'Twas a time when feedback and distortion, like every other goodie in the rock guitarist's arsenal, were brand-new playthings. Hendrix used them to explore uncharted astral regions. L.A. prog pioneer Spirit kept them on a short, taut leash as the carefully controlled colors of their sound. In the hands of Blue Cheer's founding guitarist Leigh Stephens, distortion and feedback were a swing-for-the-fences truncheon.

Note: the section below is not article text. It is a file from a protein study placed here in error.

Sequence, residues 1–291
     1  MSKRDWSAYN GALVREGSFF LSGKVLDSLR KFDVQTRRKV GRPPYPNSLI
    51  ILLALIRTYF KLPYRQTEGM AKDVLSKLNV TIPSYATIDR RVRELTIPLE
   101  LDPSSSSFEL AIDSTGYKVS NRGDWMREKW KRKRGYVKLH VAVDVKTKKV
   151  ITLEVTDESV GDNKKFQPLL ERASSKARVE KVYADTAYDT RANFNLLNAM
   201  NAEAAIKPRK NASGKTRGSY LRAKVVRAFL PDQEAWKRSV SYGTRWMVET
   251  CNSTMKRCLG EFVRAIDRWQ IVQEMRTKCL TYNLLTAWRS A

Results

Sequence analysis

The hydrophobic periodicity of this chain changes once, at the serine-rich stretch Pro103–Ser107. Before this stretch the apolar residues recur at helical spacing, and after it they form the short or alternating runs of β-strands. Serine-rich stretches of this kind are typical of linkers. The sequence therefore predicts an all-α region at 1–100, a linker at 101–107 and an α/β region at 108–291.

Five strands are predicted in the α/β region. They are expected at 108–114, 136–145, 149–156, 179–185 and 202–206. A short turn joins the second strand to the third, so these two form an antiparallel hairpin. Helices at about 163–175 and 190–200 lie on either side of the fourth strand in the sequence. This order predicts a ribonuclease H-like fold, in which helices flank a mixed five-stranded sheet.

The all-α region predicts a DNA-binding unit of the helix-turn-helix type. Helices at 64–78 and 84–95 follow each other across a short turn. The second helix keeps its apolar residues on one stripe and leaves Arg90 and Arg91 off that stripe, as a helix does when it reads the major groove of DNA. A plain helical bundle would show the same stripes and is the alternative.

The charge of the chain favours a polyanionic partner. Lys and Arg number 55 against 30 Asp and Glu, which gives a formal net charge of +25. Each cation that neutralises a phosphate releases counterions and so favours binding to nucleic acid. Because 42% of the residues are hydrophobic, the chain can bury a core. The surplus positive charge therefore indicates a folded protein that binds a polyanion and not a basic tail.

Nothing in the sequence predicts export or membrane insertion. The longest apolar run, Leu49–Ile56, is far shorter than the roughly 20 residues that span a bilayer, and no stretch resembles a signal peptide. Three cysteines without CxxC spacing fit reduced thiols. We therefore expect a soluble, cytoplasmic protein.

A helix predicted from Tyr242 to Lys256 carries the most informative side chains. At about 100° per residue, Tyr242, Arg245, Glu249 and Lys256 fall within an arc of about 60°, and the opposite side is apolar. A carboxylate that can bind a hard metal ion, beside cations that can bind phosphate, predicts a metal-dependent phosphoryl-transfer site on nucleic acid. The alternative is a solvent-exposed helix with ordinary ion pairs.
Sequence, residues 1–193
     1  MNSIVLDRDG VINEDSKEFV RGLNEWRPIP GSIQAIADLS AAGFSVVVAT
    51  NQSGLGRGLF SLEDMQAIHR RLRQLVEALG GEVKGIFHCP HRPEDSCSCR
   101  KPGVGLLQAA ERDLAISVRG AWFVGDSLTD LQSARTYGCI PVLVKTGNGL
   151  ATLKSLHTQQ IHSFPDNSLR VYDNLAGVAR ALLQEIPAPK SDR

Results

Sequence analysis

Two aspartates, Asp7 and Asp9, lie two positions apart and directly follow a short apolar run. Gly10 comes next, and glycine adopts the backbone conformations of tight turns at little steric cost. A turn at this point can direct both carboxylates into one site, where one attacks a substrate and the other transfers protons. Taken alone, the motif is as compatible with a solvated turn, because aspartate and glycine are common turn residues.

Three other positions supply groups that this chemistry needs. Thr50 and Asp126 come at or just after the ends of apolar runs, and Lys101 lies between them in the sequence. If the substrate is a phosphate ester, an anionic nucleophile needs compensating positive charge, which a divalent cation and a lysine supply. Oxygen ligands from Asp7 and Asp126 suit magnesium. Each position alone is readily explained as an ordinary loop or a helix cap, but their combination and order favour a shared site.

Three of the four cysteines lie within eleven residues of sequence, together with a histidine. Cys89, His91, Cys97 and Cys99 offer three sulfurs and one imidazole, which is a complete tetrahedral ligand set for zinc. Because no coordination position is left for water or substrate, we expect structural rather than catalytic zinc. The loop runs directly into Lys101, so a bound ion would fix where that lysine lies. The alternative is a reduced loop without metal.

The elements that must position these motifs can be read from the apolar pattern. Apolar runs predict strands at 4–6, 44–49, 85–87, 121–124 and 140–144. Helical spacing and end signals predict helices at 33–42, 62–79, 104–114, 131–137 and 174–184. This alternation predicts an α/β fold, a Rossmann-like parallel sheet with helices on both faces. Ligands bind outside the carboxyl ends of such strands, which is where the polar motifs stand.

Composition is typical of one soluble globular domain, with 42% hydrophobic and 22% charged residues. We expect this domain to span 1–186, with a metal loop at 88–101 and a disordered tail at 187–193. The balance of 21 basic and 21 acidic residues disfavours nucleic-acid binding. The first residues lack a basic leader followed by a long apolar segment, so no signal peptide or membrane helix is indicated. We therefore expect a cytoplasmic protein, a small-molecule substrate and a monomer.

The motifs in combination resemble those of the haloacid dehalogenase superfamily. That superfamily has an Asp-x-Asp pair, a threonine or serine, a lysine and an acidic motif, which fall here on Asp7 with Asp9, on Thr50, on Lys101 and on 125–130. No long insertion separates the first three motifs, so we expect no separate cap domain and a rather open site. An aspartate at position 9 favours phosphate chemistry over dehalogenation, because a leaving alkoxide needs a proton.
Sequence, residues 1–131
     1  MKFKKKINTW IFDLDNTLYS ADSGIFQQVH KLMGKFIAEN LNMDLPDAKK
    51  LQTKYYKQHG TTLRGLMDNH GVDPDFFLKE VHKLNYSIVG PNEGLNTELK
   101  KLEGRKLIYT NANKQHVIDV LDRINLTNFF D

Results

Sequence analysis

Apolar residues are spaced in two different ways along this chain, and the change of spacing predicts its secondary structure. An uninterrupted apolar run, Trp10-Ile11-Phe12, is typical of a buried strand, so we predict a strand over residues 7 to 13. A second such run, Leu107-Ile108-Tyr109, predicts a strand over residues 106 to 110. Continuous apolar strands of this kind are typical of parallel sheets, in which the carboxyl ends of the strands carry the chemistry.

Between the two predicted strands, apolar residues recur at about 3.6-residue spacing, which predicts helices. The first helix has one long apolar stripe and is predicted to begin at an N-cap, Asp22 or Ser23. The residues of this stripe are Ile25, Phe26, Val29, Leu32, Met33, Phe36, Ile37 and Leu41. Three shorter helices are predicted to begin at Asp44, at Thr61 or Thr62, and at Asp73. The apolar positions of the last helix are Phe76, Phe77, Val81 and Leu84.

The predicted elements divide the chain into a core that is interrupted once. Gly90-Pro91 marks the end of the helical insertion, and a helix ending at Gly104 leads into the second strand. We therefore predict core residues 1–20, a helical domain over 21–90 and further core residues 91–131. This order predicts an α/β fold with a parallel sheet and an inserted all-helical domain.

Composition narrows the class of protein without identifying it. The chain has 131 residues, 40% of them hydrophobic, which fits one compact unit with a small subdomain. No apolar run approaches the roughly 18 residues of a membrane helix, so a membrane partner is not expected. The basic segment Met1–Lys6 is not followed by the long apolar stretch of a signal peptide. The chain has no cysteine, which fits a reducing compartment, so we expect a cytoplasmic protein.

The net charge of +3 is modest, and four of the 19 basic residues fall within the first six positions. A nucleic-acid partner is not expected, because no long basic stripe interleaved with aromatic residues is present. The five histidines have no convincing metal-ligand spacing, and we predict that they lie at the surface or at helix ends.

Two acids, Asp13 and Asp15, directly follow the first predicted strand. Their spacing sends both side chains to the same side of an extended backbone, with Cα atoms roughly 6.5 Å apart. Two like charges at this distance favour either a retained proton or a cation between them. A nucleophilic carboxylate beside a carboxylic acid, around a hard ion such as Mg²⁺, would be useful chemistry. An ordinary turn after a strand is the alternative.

The San Francisco band's 1968 debut Vincebus Eruptum was a succession of Stephens' uninhibited sonic assaults punctuating songs penned by bassist and vocal shouter Dick Peterson. They forcibly fondled blues standards "Rock Me Baby" and "Parchman Farm" in ways surely unintended by B.B. King or Mose Allison. The lead player's unapologetic heavy hand and the band's overall lust for decibels likely explain the proto-power trio's coronation by some as the founding fathers of metal. Stephens defected, and the band endured numerous changes, with Peterson being the constant until the group disbanded in 1971. He and founding drummer Paul Whaley hooked back up in the late '70s and have shown up on disc sporadically since, abetted by newfound popularity after the release of Rhino's garage-rock compilations, Nuggets.